Canada Needs a Proactive Pandemic Innovation Strategy

May 11, 2020
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Scientist in a laboratory seen working on a potential vaccine for COVID-19 on April 30, 2020. REUTERS/Carl Recine

The COVID-19 crisis points to a hole in Canada’s pandemic preparedness. In the wake of the 2003 SARS crisis, Canada created the Public Health Agency of Canada (PHAC) to strengthen and coordinate responses to public health threats. PHAC has exercised national leadership to safeguard Canadians during COVID-19. But responsiveness is not enough. For research and development, Canada needs a proactive pandemic innovation strategy in anticipation of pandemics.

The World Health Organization and other international bodies have warned for years that new viruses will emerge and cause pandemics. Knowing that we will face pandemic risks from well-understood viral families, such as influenza and coronavirus, we could have proactively invented anti-viral drugs that prevent and treat the diseases they cause. Yet no one invested in these efforts.

Instead of preparing, we now find ourselves scrambling to repurpose old drugs, develop new ones and compress a dozen years of vaccine development into one. Unfortunately, the odds of finding a game-changer from among existing drugs is much too low for comfort, and there is no guarantee that a vaccine will work or that we can manufacture enough of it in time. So, in addition to these high-risk approaches, we need to develop anti-viral drugs, just as we did to control HIV/AIDS.

Canada and the world made a tactical error in failing to build public capacity to develop novel antivirals, preferring instead to hand off drug discovery and development to the private sector. The flaw in this logic is that the private sector has no incentive to invest in drugs for emerging viral threats that may never occur.

Pandemic prevention is possible, but we need a shared strategy, leadership, and coordination among industry, universities, government and philanthropy. Because of prior investments in world-leading open science institutions such as the Structural Genomics Consortium (SGC), Canada is poised to lead the world in implementing a different strategy: the creation of global, interconnected and coordinated non-profit companies that put access to effective, low-cost drugs over profit. Examples exist in other health fields of such an approach, for example, in malaria and sleeping sickness and some rare cancers.

Given the need to transcend national borders, the model for these new non-profits is founded on open science: openly shared data, tools and materials, open publications and the avoidance of restrictive patent rights. Far from being radical, the world reflexively turned to open science during the COVID-19 crisis. Innovation, Science and Economic Development Minister, Navdeep Bains, applauded, for example, Ontario researchers for not only rapidly isolating the COVID-19 virus but sharing it openly with the world. He tweeted: “Open science is key to global efforts to treat and prevent the spread of COVID-19.”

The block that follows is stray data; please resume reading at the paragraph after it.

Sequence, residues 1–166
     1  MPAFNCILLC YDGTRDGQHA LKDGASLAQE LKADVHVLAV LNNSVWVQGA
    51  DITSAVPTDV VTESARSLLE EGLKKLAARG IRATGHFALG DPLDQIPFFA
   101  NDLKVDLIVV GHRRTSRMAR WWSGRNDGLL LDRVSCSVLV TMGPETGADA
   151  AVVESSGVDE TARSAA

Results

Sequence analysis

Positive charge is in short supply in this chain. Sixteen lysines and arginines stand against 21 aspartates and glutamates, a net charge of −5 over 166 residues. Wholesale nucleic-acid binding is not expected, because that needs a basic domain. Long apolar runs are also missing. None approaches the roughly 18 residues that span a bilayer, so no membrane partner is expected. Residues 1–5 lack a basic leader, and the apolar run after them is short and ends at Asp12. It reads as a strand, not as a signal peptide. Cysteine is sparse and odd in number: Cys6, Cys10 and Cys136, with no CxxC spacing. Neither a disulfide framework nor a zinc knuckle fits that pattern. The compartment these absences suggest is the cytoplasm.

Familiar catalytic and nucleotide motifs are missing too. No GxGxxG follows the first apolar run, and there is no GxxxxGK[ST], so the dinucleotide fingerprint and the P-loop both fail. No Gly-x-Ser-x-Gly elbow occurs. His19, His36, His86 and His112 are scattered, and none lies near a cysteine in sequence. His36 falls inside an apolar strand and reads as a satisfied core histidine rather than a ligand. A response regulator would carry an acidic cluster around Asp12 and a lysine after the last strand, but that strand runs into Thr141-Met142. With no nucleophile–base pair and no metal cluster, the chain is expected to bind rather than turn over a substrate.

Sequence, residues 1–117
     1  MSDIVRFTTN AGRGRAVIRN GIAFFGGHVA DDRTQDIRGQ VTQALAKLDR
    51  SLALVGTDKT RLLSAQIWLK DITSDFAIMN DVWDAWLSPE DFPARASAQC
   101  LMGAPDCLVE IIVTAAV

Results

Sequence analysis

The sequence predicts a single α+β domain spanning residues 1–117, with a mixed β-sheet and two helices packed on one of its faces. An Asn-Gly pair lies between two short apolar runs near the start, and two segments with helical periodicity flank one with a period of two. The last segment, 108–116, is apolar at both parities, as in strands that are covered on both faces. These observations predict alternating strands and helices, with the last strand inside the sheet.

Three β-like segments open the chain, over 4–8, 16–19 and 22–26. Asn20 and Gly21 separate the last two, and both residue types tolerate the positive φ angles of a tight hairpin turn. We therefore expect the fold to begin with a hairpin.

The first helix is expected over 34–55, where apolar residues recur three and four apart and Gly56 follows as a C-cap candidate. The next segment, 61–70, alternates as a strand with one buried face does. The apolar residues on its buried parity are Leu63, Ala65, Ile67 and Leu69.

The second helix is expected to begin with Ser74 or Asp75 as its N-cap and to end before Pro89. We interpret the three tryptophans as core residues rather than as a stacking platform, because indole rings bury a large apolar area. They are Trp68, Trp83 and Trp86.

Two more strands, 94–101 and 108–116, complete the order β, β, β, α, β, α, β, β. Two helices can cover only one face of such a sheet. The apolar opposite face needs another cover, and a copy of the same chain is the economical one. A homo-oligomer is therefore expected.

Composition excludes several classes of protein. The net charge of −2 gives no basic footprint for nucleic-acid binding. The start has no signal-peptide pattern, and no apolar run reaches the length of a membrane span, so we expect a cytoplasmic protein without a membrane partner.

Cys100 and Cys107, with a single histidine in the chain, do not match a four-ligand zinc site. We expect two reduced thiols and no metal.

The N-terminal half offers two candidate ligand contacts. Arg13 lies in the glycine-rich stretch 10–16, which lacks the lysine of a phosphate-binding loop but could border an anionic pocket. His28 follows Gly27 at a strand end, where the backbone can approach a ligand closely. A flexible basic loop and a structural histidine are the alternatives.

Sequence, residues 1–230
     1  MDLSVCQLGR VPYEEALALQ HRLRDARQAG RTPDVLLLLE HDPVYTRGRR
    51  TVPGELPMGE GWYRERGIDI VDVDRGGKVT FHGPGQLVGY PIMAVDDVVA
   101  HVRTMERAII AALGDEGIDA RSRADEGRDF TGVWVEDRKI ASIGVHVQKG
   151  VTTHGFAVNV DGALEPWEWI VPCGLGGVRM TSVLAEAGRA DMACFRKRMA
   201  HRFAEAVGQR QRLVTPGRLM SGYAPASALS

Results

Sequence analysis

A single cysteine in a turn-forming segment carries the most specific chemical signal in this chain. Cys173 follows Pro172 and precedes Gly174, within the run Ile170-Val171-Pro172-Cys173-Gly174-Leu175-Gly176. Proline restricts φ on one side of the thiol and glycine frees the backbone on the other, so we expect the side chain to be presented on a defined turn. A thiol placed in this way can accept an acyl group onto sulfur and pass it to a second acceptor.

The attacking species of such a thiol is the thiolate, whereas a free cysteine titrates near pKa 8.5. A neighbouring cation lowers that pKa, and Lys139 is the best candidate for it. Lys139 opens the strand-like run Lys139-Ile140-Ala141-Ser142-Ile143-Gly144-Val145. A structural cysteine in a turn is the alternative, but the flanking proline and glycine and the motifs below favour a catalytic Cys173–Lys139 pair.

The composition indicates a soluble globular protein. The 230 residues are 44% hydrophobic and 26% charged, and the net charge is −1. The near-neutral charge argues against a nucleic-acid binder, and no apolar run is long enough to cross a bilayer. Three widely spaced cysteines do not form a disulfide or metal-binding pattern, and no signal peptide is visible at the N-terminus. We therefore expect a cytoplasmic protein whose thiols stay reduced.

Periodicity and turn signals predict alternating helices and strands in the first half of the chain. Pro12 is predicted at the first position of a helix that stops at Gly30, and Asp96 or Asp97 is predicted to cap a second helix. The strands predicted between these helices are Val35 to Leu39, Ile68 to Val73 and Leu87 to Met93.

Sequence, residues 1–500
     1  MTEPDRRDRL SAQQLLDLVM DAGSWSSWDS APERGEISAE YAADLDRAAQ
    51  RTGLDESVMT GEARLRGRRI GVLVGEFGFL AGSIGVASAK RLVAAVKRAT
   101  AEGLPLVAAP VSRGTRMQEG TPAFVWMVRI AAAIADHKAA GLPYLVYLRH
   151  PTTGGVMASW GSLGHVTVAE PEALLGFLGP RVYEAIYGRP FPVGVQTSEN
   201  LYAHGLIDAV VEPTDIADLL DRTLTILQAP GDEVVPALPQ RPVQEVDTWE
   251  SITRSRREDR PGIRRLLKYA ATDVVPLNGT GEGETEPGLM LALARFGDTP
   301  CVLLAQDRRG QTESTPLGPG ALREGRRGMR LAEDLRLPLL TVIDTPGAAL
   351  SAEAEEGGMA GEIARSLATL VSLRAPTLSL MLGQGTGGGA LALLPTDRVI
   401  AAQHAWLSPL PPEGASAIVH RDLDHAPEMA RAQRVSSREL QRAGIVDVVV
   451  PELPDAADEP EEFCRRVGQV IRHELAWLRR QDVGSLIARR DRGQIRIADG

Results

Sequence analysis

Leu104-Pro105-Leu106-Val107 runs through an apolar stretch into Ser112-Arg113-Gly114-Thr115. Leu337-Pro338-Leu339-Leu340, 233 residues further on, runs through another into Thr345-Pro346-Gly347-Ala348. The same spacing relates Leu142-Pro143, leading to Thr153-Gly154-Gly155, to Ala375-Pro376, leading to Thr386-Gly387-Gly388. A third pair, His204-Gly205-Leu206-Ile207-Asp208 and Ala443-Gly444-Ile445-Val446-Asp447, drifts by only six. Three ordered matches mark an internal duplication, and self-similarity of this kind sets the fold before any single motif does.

Open science shares skills and resources across sectors, reducing individual risk and the overall risk of failure. It avoids duplication because everyone knows what everyone else is doing while it provides the basis for rapid and effective validation due to full transparency. Not relying on any one firm or sector, it is a strategy that can adjust quickly in light of changing incentives and priorities. While eschewing patents, it can ensure high quality drugs, low pricing, and access through existing regulatory mechanisms.

We are not waiting for others to give us a green light to move ahead: catalyzed by scientific leadership and seed investment from the University of North Carolina and the SGC in 2019, we are creating an international network of interlocked non-profits, VIMI (Viral Interruption Medicines Initiative) in Canada and READDI (Rapidly Emerging Antiviral Drug Discovery Initiative) internationally. VIMI and READDI will develop inexpensive drugs to fight the coronavirus that causes COVID-19, as well as emerging viruses that might cause future pandemics. Together, we will work openly to identify drug targets, develop anti-viral drugs for viral families with pandemic potential, and test them in early clinical trials. These new drugs will sit “ready” to be rapidly deployed to treat COVID-19 or a future pandemic. They will be created as public goods.

Our open science approach is exactly what the world needs right now to fight pandemic viruses and avert the personal, social and economic costs of both the virus and its consequent far-reaching public health measures.

This article originally appeared in The Hill Times

The opinions expressed in this article/multimedia are those of the author(s) and do not necessarily reflect the views of CIGI or its Board of Directors.

About the Authors

Aled Edwards is chief executive of the Structural Genomics Consortium and professor in the Faculty of Medicine at the University of Toronto.

E. Richard Gold is a CIGI senior fellow and a James McGill Professor with McGill University’s Faculty of Law.

John Bamforth is the director of the Eshelman Institute for Innovation at the University of North Carolina.

Tania Bubela is a professor and dean of the Faculty of Health Sciences at Simon Fraser University.